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Passwords stink. Password policies vary widely from the many sites you choose or have to use, and satisfying them all is hard, and hard to keep up with. That's why 1Password is an invaluable application âÂ and the new 1Password 4 qualifies as a worthy update.
Whether it's a password policy that says you need 8 to 14 characters with a capital letter and a number, but no symbols, or a policy that changes it every 20 days, or a policy that requires 10 letters, 2 numerals, a soundtrack and a plot, managing passwords can be ridiculous.
But there's a reason we need to get better at passwords: We are human. We are weak. We use the same username, email address, and password repeatedly. The most commonly used password is, well, "password."
In addition, major companies like Adobe and Sony have been hacked and user passwords have been stolen. From these breaches, take away some good practices:
- Never use the same password in two places.
- Never save your credit card, address or other personal information if possible.
This is where 1Password comes in. 1Password is a Mac, iOS, Windows, and Android application. It's a password locker, generator, and new in version 4, an auditor.
At its most simple, 1Password offers to store passwords as they are entered into websites. It will then allow you to autofill them on subsequent log in attempts using Cmd-\ as a keyboard shortcut. It uses either a browser plug-in or a menu bar application, 1Password Mini, to autofill the username and password. It will recognize the username and password needed for the page, but also allows searching of all saved passwords.
But 1Password is a little better than just a password locker. It generates passwords that comply with the various absurd requirements, fills in the fields as you're creating web page accounts, and saves them for you all in a few short steps.
It also saves credit card information, logins (similar to passwords), identities contaning address information for easy autofill, secure notes, and other categories (bank accounts, social security numbers, reward program numbers, licenses, and more.)
And new in version 4 is the ability to create 'vaults' so users can store account logins and passwords in contexts, such as a "work" vault, a "parents" vault, and so on.
How can this be secure?
Users are required to essentially trust their digital life to this application and its data file. How can it be trusted? Because AgileBits, makers of 1Password, are using good encryption.
AES-256 Authenticated Encryption and PBKDF2 calibration. AES-256 uses long keys that are difficult to attack and tough to derive. PBKDF2 is used to slow down attempts to crack the master password that secures the 1Password data.
That's glossing over the math, but it is safe to say that AES-256 is quite difficult to attack. Additionally, securing the metadata, the information around the login is important. Item titles and URLs are now always encrypted.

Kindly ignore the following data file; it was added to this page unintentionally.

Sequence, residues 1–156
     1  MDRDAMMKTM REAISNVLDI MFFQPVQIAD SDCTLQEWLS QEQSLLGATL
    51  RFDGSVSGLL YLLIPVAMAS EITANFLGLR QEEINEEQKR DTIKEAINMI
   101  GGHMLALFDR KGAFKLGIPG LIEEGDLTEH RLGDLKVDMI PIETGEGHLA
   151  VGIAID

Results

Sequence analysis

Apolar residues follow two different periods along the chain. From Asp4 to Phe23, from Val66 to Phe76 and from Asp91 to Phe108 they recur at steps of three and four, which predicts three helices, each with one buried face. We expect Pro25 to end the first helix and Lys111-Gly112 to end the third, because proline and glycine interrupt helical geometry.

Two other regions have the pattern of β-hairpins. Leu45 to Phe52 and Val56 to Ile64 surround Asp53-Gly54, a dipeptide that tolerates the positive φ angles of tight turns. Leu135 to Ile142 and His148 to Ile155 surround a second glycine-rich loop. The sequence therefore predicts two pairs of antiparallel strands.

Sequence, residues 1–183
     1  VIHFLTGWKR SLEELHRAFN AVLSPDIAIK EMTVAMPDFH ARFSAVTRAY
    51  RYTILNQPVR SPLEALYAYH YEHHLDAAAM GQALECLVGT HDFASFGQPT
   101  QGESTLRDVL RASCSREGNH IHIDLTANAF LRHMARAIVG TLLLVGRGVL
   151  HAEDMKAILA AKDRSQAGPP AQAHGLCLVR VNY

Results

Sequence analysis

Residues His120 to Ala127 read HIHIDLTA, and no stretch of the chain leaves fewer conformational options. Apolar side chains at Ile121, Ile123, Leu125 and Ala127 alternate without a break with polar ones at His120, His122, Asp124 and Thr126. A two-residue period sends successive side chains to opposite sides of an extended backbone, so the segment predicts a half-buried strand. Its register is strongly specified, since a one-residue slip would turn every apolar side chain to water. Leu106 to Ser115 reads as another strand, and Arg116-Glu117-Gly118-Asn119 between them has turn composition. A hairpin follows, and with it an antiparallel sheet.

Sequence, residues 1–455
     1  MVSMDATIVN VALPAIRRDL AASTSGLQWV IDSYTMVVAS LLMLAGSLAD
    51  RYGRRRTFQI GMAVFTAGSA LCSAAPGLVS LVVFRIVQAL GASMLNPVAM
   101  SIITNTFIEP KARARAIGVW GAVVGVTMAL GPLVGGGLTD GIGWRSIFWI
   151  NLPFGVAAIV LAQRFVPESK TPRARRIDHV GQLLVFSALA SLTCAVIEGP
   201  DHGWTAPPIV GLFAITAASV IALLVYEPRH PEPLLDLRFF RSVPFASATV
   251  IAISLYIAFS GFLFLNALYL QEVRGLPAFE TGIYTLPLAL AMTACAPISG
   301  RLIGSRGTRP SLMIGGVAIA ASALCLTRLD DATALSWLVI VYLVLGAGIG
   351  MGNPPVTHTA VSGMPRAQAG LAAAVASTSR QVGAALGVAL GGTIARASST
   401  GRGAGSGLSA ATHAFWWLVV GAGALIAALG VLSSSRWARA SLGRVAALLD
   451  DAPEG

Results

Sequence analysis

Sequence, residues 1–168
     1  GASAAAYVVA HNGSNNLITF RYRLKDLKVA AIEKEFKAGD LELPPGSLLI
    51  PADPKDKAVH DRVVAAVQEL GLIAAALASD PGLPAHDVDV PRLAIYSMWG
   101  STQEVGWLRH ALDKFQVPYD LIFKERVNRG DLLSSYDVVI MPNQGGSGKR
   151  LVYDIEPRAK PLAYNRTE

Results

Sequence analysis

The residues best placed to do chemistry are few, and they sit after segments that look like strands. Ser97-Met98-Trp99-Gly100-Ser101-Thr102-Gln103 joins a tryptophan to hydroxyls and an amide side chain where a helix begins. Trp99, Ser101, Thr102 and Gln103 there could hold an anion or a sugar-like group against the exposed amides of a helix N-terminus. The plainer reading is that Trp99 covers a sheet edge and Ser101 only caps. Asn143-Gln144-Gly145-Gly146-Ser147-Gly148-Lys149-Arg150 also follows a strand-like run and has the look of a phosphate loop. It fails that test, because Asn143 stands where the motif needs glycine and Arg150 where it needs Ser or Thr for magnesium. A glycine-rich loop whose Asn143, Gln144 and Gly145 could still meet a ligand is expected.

How does 1Password assist in correcting a user's bad habits?
1Password does two things:
- Password generation. You can use the application, browser plug-in, or menu bar mini-app to create and auto-fill a strong password that complies with the requirements of the site (mixed case, numerals, hyphens, and password length.) It's appreciated that they've also made "pronouncable" an option, which helps with remembering passwords occasionally.
- For password generation, it does NOT create long passwords made of multiple words. These are desirable, because they're also human memorable.
To help manage existing passwords better, the 1Password window has a series of filters that display accounts consisting of weak passwords, duplicate passwords, and date ranges on passwords for those between 6 and 12 months old, 1 and 3 years old, and more than 3 years old.
Admittedly, we had to spend some time and go through resetting passwords to clean up the bulk of old, duplicate weak passwords. But 1Password does a good job of making users aware of their bad habits.
1Password syncs the encrypted password store, and can sync it to the cloud. All versions of 1Password v4 for Mac sync to Dropbox. The Mac App Store version syncs to iCloud as well. However, the Mac App Store does not allow upgrade pricing from earlier versions, so it's worth it to decide if users need iCloud syncing, as well as preferences for purchasing from the Mac App Store, or directly from Agilebits.com
A Word on Mavericks
OS X 10.9 Mavericks includes a new feature called iCloud Keychain, where Safari will suggest a password and track it, syncing to iOS. However, its password generation and organzation are much more simplified, taking away options 1Password provides, and notably only working on Apple iOS7 and Mavericks.
In short, Apple's solution is good, and solves encouraging Apple users to use good passwords almost by default, but 1Password is much more flexible â data isn't tied to iCloud, isn't tied to Apple products only, and doesn't have to be synchronized over Wi-Fi. 1Password will also allow synchronization over USB, which means users can still have passwords on iOS without having to store them on Dropbox or iCloud.
Score: 4 out of 5
- Strong password generation
- Synchronization of encrypted password file
- Easy password form filling to login
- Doesn't create any diceware-style passwords.
- Due to the awkward way some websites create a password on a separate page as the username, 1Password will occasionally only save the password and not username to its locker.
$39.99 from Agilebits.com and the Mac App Store for a limited time.